Thursday, October 14, 2004

Reflections on Last Night

History writes lousy theatre. Last night’s final debate between John Kerry and George W. Bush proved that. (It’s a good thing, too, or else there would be no need for playwrights.) There were no knockouts, no moments like from The West Wing where President Bartlet deflated his vacant-as-a-jar challenger Governor Ritchie with a good solid climactic comeback. The punditocracy will dissect and debate the facts about Osama Bin Forgotten and the number of votes Kerry cast to raise or lower taxes, but I looked at this performance last night with the theatre scholar’s eye and I came away with a very strong impression not just of facts and ideology but of character and objective, and I saw things that tell a lot about the makeup of the men who were on stage last night and in whom we will be placing our trust for the next four years. And if this was an audition for the role of President, John Kerry gets the part; George W. Bush wouldn’t get a callback.

It’s not based just on looks and carriage. Casting against type can work if the actor can make you believe that he or she can convey the thoughts and feelings of the character with honesty and truth. It comes through in body language and in the tone of the voice. Speaking with conviction isn’t enough; if you don’t understand the words you are saying and come across as just shouting – like some tourist named Milton in Rome who thinks that by speaking slowly and loudly the cab driver will magically understand English – then the meaning of the words is lost and so is the argument. John Kerry knows that winning an argument or making a point isn’t done by shouting or blindly repeating a talking point regardless of the question.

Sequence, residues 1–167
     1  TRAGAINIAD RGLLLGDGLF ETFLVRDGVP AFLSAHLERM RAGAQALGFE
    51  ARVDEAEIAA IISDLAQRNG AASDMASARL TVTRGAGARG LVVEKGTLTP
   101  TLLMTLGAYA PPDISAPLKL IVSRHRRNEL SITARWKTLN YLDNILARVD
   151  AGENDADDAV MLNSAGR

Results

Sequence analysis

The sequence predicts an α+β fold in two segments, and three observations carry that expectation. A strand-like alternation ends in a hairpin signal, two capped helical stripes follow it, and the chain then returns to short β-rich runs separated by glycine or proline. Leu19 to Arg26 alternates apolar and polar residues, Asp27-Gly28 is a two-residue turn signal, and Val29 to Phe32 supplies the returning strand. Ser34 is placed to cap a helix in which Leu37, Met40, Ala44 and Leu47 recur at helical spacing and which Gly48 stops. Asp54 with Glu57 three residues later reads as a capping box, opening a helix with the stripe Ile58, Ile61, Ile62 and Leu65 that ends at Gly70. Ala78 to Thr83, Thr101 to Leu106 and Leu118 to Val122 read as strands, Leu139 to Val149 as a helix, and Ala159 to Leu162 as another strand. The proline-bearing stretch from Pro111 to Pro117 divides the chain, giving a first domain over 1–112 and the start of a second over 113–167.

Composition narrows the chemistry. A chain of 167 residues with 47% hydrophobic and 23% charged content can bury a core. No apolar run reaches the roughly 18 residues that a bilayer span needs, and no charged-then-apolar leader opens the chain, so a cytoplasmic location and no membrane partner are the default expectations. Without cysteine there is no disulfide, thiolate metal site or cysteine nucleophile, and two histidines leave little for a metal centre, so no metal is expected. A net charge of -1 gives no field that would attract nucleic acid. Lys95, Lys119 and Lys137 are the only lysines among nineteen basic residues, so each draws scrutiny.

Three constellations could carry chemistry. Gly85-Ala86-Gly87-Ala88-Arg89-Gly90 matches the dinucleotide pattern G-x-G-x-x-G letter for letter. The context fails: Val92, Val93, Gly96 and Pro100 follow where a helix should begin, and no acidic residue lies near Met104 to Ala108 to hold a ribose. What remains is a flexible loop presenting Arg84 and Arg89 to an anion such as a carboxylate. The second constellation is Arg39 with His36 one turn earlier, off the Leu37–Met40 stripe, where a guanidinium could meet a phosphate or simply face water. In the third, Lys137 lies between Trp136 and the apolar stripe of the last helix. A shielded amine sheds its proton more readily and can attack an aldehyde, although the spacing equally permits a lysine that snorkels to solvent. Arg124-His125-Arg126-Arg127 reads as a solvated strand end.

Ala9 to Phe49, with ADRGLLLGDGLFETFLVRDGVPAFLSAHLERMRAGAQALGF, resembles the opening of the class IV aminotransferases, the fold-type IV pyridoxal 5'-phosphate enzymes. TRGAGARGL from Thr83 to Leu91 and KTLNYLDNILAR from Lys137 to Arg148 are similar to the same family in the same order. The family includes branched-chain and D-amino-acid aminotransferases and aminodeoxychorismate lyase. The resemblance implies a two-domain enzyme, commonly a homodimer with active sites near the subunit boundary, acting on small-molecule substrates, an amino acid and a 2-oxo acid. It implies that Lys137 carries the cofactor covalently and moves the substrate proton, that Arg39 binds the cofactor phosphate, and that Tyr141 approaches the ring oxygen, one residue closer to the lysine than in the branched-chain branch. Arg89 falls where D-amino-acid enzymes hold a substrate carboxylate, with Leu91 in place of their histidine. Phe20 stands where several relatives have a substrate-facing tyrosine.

Based solely on the style and the dialogue last night, if I had been tuning in to the presidential election for the first time without knowing who was the challenger and who was the incumbent, it would have been difficult to judge who was the man who had spent the last four years in the Oval Office. George W. Bush came across as if he was unfamiliar with the job of being president; he looked like the upstart. Mr. Bush seems to have this uncanny ability to find humor and laughter at the most inappropriate times. It must be a nervous reaction when he realizes he has no idea what the hell to do next. John Kerry, on the other hand, conveyed a sense that he knew what he was getting in to and the sacrifices that he would have to make to get the job done. And he knows when to get in a laugh line.

There are times when I’ve been directing a play where I see what I call The Moment; the point at which the play goes from being a bunch of actors reciting lines to when it actually comes alive and the characters take over. Sometimes it happens early on in the rehearsal process and it becomes a thing of wonder as the story unfolds. Sometimes it happens as late as opening night and you heave a huge sigh of relief and give thanks to the theatre gods for being able to pull it off. Sometimes it never happens, and every night is torture as you watch your work labor its way across the stage like a cow in the last stages of a difficult pregnancy, the audience staring at the stage with no connection between them and the agony going on up under the lights. Last night I got a glimmer of The Moment in John Kerry’s closing statement, and I went to bed feeling like we’re almost there; the sense of wonder and magic is about to happen.

Okay, cue the houselights; everybody onstage for the big finale.